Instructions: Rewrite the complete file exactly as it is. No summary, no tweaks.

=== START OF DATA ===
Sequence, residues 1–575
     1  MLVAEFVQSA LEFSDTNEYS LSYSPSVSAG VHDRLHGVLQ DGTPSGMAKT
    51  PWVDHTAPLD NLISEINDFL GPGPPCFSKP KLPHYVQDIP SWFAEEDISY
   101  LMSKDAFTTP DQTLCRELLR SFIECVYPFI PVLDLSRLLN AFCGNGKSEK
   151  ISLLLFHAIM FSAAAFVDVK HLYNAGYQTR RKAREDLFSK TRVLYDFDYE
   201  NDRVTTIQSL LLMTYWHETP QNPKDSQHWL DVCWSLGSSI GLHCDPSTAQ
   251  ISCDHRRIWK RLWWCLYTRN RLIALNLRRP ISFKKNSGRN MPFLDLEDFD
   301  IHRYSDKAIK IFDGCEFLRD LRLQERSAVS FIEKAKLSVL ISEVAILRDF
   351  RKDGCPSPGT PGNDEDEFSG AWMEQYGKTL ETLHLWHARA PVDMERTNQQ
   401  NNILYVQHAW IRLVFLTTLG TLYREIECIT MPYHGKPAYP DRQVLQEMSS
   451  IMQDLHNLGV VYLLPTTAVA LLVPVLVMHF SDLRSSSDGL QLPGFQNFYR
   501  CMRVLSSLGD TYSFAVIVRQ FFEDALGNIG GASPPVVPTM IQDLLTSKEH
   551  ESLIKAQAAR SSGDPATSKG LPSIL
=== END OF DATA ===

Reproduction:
Sequence, residues 1–575
     1  MLVAEFVQSA LEFSDTNEYS LSYSPSVSAG VHDRLHGVLQ DGTPSGMAKT
    51  PWVDHTAPLD NLISEINDFL GPGPPCFSKP KLPHYVQDIP SWFAEEDISY
   101  LMSKDAFTTP DQTLCRELLR SFIECVYPFI PVLDLSRLLN AFCGNGKSEK
   151  ISLLLFHAIM FSAAAFVDVK HLYNAGYQTR RKAREDLFSK TRVLYDFDYE
   201  NDRVTTIQSL LLMTYWHETP QNPKDSQHWL DVCWSLGSSI GLHCDPSTAQ
   251  ISCDHRRIWK RLWWCLYTRN RLIALNLRRP ISFKKNSGRN MPFLDLEDFD
   301  IHRYSDKAIK IFDGCEFLRD LRLQERSAVS FIEKAKLSVL ISEVAILRDF
   351  RKDGCPSPGT PGNDEDEFSG AWMEQYGKTL ETLHLWHARA PVDMERTNQQ
   401  NNILYVQHAW IRLVFLTTLG TLYREIECIT MPYHGKPAYP DRQVLQEMSS
   451  IMQDLHNLGV VYLLPTTAVA LLVPVLVMHF SDLRSSSDGL QLPGFQNFYR
   501  CMRVLSSLGD TYSFAVIVRQ FFEDALGNIG GASPPVVPTM IQDLLTSKEH
   551  ESLIKAQAAR SSGDPATSKG LPSIL